After receiving $1 billion in investment from Softbank in April this year, Rappi promoted payment, e-banking and mobile wallet services in Latin America.
In May, Rappi launched a mobile money transfer service. Its RappiPay allows users to transfer funds from their personal accounts to other users’ accounts in different banks using credit cards or digital wallet RappiCreditos credits. This service is easy to use, eliminating the cost of inter-bank transfers, no fees, and a lot of downloads.
It’s not just Rappi that sees opportunities in Latin America’s financial sector. As early as 2In 013, former Sequoia Capital Partner David Vélez founded the digital bank Nubank in Brazil, and issued a virtual credit card, which can be applied for by mobile phone. In early 2018, Nubank received $150 million from DST Gobal in the E round of financing, and was promoted to a unicorn.
In fact, financial technology still has room in Latin America.
As of 2018, there were 1,166 Fintech startups in Latin America, up 66% from the previous year. Fintech accounts for 25% of all financing projects in the year and is the largest industry. In the first half of this year, Brazilian online loan company Creditas and Mexico Payment Solutions Inc. raised more than US$100 million in financing, and Tencent invested in Uala, the Argentine digital bank card company.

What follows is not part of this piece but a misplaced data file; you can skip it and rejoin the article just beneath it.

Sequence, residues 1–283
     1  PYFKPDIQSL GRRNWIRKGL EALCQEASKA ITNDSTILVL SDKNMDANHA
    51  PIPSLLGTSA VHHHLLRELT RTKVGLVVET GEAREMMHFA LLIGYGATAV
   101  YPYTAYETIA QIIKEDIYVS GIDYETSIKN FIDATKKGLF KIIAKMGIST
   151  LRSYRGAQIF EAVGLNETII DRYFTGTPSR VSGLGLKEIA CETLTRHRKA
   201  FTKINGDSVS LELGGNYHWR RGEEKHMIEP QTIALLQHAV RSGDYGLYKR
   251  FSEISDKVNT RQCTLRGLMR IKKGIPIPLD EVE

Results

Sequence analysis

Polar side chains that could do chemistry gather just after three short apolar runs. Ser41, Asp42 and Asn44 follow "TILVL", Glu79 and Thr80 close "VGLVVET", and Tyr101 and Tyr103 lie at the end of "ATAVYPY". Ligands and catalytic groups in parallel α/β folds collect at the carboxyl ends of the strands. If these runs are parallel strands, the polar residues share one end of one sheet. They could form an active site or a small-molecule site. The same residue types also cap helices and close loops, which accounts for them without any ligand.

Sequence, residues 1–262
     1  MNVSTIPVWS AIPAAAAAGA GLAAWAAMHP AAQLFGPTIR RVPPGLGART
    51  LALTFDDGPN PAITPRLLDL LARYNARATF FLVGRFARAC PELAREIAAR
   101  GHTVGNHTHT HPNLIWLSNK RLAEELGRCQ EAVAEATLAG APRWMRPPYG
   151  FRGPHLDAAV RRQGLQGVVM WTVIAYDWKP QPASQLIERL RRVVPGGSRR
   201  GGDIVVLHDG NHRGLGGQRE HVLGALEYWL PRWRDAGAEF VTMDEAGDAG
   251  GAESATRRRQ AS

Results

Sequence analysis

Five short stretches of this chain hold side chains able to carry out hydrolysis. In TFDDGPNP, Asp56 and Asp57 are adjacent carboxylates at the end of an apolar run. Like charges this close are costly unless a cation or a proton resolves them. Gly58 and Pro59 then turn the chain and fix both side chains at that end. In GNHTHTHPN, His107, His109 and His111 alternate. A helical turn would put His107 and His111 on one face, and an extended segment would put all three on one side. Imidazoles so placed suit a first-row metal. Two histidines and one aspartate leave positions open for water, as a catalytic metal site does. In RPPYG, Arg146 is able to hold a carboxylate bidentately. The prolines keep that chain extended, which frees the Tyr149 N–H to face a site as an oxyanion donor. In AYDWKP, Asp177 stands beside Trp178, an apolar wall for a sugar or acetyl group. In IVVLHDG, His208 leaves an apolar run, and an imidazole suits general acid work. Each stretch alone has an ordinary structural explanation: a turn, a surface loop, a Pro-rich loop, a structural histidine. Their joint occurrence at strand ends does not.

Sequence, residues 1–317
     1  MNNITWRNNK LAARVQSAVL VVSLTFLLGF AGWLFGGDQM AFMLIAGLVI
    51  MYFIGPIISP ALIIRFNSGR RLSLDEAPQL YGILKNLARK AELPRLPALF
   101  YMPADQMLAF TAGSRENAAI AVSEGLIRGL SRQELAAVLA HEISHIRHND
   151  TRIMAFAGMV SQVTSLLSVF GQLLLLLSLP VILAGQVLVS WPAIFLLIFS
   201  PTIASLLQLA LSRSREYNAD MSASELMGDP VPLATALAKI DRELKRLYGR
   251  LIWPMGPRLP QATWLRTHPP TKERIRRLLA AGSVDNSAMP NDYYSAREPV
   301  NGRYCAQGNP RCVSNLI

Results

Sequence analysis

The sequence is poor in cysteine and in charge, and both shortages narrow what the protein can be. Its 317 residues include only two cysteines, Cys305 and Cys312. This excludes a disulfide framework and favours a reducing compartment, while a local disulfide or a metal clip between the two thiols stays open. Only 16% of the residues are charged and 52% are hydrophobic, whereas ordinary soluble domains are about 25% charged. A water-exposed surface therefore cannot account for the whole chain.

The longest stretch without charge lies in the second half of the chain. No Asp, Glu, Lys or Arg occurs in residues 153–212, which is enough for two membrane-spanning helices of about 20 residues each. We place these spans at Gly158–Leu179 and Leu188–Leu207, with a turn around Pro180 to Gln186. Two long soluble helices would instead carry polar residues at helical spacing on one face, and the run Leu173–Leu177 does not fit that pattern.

To date, Rappi continues to grow at a steady rate of at least 20% per month. The fast-growing Rappi was controversial and local regulators surveyed the company.
The Trade and Industry Superintendency ruled that Rappi’s business is “not responsible”. According to the investigation, Rappi did not open a receipt, did not provide a refund service, and did not display the specific price. No price details will obscure the extra cost, confuse the order, and sometimes charge the cancelled order twice, without charge to the bank card.
Venezuela couriers make sandwiches while waiting for Rappi orders
The Department of Labor has found a more serious problem: the working conditions of the shared industry have avoided all employment and liability regulations. Rappi employees told local media that Rappi does not pay for health insurance and pensions for “partners”, nor does it pay insurance for employees who are injured at work, and does not offer paid holidays.
Rappi’s policy director expressed respect for the authorities, “but they must consider this is a new economy,” and considering the “negative impact” of regulation would “block the company’s business.”
UndErstanding Rappi, the Colombian Unicorn
LatAm delivery app Rappi plans to double footprint by year-end
What’s Wrong With Rappi, Latin America’s Star Of Uberization
Why Delivery Apps From UberEats To Rappi Are Taking Over Latin America